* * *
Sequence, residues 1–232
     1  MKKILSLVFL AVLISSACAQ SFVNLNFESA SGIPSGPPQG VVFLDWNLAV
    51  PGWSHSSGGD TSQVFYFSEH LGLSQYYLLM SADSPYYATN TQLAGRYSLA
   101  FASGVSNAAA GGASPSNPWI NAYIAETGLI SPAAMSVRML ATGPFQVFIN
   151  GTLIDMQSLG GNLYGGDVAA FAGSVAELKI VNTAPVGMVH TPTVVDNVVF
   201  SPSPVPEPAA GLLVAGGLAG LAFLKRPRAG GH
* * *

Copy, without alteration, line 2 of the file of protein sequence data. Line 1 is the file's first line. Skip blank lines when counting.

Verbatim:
     1  MKKILSLVFL AVLISSACAQ SFVNLNFESA SGIPSGPPQG VVFLDWNLAV